He said IBEW also plans to have an apprenticeship program if the NECEC project is approved. IBEW had apprentices on the Maine Power Reliability Program who ended up turning a training program into a career.

Burgess said he feels CMP is trying to blend the power lines in with the local terrain, although plenty of residents in the areas where the lines will pass through and other members of the public have disagreed with that viewpoint.

Environmental value questioned

Before the public hearing, on Wednesday morning several environmental groups released a 70-page report challenging the benefits CMP claims for the project and Hydro-Quebec’s stated plans for its hydroelectric supply. Energyzt Advisors of Boston prepared the report for the Maine Renewable Energy Association, National Resources Council of Maine and the Sierra Club.

The report came before the third and final public comment hearing at the PUC that evening in Hallowell. More than 100 citizens attended the meeting, many speaking against the project by citing questionable economic and environmental benefits to Maine, and potential damage to scenic resources.

Of the attendees, 59 were registered to speak, according to Lanphear, so their comments will be entered into the PUC’s official records.

Among the claims in the Energyzt report is that the NECEC project would not reduce carbon pollution and thus not have a benefit for climate change. It also states that the transmission line would redirect existing power generation from other markets into New England, potentially creating more carbon emissions in markets experiencing the shift.

“Climate change is the greatest environmental challenge facing Maine, the nation and the world,” said Sue Ely, clean energy attorney for the Natural Resources Council of Maine. “This report shows that CMP’s proposed transmission line would do nothing to reduce climate emissions. The study shows there will be just as much climate pollution created with or without this power line. Hydro-Quebec would merely be redirecting its existing electricity supply to Massachusetts instead of selling that power to other customers.”

The arguments have been presented before by the council and others, and will be part of upcoming discussions before the PUC.

Hydro-Quebec spokeswoman Lynn St-Laurent countered that the NECEC is an essential component of New England’s clean energy transition because it allows increases of hydropower deliveries into the region.

“Hydropower emits 50 times less greenhouse gases than natural gas; that’s just good climate policy,” she wrote in an email responding to an Bangor Daily News request for comment on the report.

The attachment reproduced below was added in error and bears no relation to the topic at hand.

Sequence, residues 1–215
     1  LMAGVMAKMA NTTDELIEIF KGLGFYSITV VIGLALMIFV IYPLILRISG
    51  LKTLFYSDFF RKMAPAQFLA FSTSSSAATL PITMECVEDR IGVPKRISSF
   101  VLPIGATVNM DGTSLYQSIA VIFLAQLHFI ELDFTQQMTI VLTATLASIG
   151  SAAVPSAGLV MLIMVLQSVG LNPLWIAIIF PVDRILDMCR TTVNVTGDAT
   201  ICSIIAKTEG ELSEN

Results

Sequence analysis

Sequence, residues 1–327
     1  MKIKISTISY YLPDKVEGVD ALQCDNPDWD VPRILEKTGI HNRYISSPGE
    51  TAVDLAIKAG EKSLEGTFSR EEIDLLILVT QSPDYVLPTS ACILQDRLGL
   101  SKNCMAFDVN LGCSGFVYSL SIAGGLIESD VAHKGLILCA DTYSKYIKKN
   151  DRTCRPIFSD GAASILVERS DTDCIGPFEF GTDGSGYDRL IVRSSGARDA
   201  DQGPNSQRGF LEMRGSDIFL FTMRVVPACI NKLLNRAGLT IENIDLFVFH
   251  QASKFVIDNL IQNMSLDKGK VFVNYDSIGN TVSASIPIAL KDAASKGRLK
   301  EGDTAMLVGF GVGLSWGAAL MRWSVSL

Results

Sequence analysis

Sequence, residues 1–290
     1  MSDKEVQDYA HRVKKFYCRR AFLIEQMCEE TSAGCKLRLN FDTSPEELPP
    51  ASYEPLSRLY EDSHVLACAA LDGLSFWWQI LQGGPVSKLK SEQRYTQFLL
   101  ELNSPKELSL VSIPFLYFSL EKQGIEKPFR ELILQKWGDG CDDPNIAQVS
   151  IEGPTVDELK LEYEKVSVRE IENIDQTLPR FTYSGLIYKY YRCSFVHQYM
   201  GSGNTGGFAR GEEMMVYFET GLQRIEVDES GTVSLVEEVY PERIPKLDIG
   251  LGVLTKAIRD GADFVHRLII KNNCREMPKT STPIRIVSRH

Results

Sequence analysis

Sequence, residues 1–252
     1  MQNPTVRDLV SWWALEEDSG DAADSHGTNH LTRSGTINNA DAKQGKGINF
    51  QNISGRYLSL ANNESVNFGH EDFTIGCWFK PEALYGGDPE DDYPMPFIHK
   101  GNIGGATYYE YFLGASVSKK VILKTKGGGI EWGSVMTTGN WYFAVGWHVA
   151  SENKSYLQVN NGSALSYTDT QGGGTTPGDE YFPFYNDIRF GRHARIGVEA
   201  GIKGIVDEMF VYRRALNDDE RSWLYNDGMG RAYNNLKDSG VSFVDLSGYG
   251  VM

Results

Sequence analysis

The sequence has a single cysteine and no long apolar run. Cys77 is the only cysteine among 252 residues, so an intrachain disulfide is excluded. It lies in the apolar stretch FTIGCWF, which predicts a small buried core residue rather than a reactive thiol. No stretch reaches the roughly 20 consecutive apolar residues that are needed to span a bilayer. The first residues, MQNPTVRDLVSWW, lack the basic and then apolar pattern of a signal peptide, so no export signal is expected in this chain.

She said Hydro-Quebec does have the capacity to supply the NECEC project, and that it will use its existing hydropower capacity, which includes 5,000 megawatts of new hydropower capacity brought on since the early 2000s, including the Romaine-3 generating station (395 MW) added in 2017.

The utility will soon add generating stations, including the Romaine-4 (245MW). Once that comes online, she said, it will also serve to increase the current energy output from the Romaine -1, -2 and -3 generating stations.

“The fact of the matter is Hydro-Quebec has additional energy available for Massachusetts. We have been adding capacity since 2003 to be in a position where we have the energy to respond to new clean energy needs,” she said.

“More generation will be brought online in coming years,” she added. “Had we waited for clean energy procurements to be launched before building, our additional units wouldn’t be ready today. It takes 10 to 15 years to build and design a hydropower generating station.”

A late change

In a major concession on Thursday, CMP seceded from a controversial plan that would have put aerial transmission lines near the scenic Kennebec River Gorge, instead saying it would bury the lines near the Kennebec River.

CMP’s President and CEO Doug Herling said Thursday that burying the lines has always been under consideration. The company plans to file the change with regulators.

“We believe this change may also encourage stronger support from those who appreciate the project’s benefits, but want to preserve the commercial and aesthetic value of the river as well,” he said.

The move came a day after the public hearing Wednesday evening and a day before the next phase of PUC scrutiny.

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Lori Valigra

Lori Valigra, senior reporter for economy and business, holds an M.S. in journalism from Boston University. She was a Knight journalism fellow at M.I.T. and has extensive international reporting experience...